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Thursday, March 10, 2016

Women and Human Rights

The first World Conference on the Status of Women convened in 1975 in Mexico City to coincide with International Women’s Year. Held to remind the international community of its duty to prevent discrimination against women, the summit kicked off worldwide discussions on the status, rights, and role of women at the local, national, and international levels. “A process was set in motion—a process of learning—that would involve deliberation, negotiation, setting objectives, identifying obstacles, and reviewing the progress made” (5th Women’s World Conference).

Wednesday, March 2, 2016

“Staying Alive: Human Rights and the Performance of Life Support in Post-Soviet Belarusian Theater”

How do theatrical practices across nation-state borders mediate the cultural practices of citizenship and human rights? How can we observe this in contemporary theatrical practices?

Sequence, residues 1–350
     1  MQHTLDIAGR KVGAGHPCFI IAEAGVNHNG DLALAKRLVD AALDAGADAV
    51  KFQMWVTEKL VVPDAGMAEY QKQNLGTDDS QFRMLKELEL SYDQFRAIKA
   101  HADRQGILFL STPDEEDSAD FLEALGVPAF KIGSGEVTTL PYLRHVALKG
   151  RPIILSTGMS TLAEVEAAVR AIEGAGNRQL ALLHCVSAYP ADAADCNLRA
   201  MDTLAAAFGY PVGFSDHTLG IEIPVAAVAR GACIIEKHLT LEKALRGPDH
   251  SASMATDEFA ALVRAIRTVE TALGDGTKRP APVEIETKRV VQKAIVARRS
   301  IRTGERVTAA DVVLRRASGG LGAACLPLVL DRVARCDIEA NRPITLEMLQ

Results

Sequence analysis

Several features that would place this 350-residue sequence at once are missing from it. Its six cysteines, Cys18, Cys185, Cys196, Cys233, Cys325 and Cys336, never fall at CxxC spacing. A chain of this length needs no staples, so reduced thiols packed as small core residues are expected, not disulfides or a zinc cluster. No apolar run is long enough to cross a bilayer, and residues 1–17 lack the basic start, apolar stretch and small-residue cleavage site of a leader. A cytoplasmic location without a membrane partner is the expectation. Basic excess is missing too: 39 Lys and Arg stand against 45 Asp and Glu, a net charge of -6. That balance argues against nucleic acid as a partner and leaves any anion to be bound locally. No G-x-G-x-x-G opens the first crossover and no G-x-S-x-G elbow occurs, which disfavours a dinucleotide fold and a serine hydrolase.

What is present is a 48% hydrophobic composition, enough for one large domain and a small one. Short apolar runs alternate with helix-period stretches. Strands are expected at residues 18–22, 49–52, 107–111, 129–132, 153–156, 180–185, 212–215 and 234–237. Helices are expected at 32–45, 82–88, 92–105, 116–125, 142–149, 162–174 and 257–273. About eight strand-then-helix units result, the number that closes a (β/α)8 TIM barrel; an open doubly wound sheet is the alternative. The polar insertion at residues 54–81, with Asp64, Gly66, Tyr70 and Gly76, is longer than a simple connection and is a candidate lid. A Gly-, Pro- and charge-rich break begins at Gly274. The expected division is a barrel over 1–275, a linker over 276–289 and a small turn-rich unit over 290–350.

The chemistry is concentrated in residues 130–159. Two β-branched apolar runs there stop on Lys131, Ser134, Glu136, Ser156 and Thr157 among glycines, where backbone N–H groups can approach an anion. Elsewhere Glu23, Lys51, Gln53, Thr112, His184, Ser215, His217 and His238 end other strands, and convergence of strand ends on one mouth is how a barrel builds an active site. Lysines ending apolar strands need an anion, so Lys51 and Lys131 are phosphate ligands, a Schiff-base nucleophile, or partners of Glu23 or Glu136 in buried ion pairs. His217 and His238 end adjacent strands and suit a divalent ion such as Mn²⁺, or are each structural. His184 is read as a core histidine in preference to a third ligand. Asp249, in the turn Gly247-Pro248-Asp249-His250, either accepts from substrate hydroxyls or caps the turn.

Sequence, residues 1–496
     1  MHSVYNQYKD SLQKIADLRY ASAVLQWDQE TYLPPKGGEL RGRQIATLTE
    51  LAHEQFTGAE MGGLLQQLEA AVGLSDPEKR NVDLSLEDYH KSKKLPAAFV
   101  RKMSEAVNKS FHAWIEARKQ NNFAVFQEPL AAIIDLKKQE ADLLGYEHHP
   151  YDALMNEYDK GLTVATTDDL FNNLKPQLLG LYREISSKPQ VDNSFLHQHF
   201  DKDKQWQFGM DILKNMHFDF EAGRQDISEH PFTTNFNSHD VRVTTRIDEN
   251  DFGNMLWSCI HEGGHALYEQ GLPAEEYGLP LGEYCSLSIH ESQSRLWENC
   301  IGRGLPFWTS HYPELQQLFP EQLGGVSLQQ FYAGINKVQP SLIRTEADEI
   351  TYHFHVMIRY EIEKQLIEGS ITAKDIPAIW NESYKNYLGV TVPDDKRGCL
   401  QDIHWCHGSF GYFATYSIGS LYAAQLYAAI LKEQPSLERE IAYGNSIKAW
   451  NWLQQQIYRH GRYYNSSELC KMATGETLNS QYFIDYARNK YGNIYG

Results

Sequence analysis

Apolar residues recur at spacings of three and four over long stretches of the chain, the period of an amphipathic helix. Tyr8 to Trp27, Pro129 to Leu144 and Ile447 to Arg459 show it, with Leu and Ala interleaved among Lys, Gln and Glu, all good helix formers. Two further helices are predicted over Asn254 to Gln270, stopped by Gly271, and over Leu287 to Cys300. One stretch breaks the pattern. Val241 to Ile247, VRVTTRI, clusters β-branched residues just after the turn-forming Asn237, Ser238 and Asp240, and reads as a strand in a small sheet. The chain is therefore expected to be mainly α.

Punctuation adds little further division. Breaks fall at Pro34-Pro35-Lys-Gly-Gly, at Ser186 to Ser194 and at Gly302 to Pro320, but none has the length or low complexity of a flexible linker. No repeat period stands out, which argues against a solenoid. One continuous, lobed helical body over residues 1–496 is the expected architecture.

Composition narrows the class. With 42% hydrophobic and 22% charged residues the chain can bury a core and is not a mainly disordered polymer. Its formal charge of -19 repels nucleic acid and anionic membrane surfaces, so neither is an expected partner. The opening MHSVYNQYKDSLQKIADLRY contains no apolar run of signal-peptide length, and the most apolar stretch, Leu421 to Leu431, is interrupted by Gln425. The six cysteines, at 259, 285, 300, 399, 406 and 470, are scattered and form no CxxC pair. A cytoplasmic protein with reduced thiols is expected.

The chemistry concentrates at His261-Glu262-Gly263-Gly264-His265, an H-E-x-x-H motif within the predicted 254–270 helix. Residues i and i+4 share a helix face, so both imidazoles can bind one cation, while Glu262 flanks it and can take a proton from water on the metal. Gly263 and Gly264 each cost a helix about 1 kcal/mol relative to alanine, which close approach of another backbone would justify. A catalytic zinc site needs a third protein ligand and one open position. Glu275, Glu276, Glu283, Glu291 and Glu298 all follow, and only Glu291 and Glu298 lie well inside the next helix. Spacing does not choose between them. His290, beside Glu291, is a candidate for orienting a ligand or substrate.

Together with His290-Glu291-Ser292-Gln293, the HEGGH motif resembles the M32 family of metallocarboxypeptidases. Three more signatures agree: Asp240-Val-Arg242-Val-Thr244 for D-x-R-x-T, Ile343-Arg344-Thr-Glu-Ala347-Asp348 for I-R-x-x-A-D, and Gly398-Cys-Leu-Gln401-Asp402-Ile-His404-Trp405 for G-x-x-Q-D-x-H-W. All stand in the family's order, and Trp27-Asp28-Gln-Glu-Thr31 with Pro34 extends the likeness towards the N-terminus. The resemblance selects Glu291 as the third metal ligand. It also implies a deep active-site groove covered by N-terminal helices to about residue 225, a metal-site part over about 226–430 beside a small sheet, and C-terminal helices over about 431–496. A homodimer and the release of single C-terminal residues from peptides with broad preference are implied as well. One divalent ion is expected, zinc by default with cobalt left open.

On Thursday February 11, Rita Kompelmakher, a fifth year PhD candidate in the Department of Theater Arts and Dance, presented at the biweekly Holocaust, Genocide, and Mass Violence Studies workshop a chapter in her dissertation, which attempts to address these questions across time and space.

"What Before Why: Taking Descriptive Inference Seriously in Quantitative Conflict Studies"

Databases have growing importance in human rights studies.  Researchers rely on databases that count human rights violations and violence, such as homicides, sexual assaults and other crimes.  Yet just how reliable are these counts? 

On February 15, the Minnesota Political Methodology Colloquium and the Human Rights Program co-hosted Amelia Hoover Green, Assistant Professor in the Department of History and Politics at Drexel University, where she discussed her work regarding quantitative conflict studies.  After observing a trend of inconsistent findings between various data sets studying the same phenomena, Green began a project to critically assess these inconsistencies.